Can You Use Clotted Cream in Coffee? Let’s Find Out

can you use clotted cream in coffee

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Since the birth of coffee, there has been a longing to experiment. We’ve seen this with the creation of the expresso, the cappuccino, and even the latte. Years upon years of testing what works have led you to this point in time with one simple question: Can you use clotted cream in coffee?

Well, we’re sorry that we have to be the ones to burst your bubble but here’s the unfortunate answer.

Can You Use Clotted Cream in Coffee? The Answer

Putting clotted cream into coffee tends to ruin the flavor and texture. This is because the cream in general is too heavy for a cup of coffee. The same goes for other heavy creams and whipped cream. 

Although, lighter creams do complement coffee. That’s why coffee drinkers often use these types instead. For instance, you’ve most likely heard of “half and half” which is a combination of both milk and cream.

Fun Facts About Clotted Cream

In America, clotted cream is classed as butter due to its high-fat content. So, it’s no surprise that it wouldn’t go well in a cup of joe. The fat content must be at least 55% otherwise it cannot be called clotted cream.

The delicious cream/butter depending on what you want to call it has an incredibly short shelf life. Why are we telling you this? Well, if you’re wondering why clotted cream isn’t more popular this is mainly the reason. Even with the latest advancements in technology, keeping clotted cream from going out of date quickly is very difficult.

Devonshire cream is another name used for this type of cream. Originating from, you guessed it, Devon, United Kingdom. It’s primarily used as an accompaniment for both hot and cold desserts. Again, more reasons why it would be a terrible choice to put into your coffee.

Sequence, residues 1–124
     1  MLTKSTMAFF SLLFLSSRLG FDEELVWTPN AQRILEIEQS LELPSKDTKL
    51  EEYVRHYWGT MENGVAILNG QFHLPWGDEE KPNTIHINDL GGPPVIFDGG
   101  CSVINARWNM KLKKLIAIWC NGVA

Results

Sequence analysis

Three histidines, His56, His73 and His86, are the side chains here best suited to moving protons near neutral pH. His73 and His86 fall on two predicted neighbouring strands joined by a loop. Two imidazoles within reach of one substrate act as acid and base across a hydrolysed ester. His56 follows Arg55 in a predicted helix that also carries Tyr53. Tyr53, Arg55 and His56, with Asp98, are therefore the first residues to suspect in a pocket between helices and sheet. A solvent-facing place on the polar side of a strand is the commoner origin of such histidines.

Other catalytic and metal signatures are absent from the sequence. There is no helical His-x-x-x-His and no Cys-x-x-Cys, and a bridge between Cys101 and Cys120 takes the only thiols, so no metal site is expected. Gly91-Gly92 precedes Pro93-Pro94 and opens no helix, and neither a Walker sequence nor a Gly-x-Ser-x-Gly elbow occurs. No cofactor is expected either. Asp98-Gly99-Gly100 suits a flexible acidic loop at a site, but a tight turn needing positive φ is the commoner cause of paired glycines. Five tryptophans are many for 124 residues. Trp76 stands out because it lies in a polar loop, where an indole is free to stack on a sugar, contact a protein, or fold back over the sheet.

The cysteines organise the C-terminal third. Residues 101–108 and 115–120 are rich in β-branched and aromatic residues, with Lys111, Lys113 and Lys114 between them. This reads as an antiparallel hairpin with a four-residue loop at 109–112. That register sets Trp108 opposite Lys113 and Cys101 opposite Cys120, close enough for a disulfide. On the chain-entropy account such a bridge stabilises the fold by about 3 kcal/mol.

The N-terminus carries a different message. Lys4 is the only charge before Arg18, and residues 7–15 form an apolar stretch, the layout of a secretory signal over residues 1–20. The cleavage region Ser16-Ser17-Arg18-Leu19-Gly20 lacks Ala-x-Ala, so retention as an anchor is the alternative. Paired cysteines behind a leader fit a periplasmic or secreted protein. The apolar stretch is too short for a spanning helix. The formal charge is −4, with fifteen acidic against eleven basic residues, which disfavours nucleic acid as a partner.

Alternatives to Use 

Now we’ve answered: can you use clotted cream in coffee, let’s look at better options you can use. 

The first option you have is milk (no kidding, right?). Keep in mind that there are various types you can use, both dairy and non-dairy. Alongside your standard options of whole, reduced-fat, or skimmed milk there are crazier options.

For example, try coconut milk! You’ll receive a mildly nutty taste with a noticeable sour aftertaste, along with some added health benefits. Although this may not suit everyone’s taste buds, many coffee drinkers enjoy it.

We’ve already discussed half and half so let’s not go into much detail about that one. Plus, unless you’ve been living under a rock you would have thought about using it.

There are also a bunch of coffee creamer products on the market. A quick browse of the local supermarket and you’ll often see various things to choose from. Not to mention, with every passing year, the flavors of these creamers seem to become weirder and weirder. For instance, in “Créme Brulee Liquid Coffee Creamer”, who comes up with these ideas?

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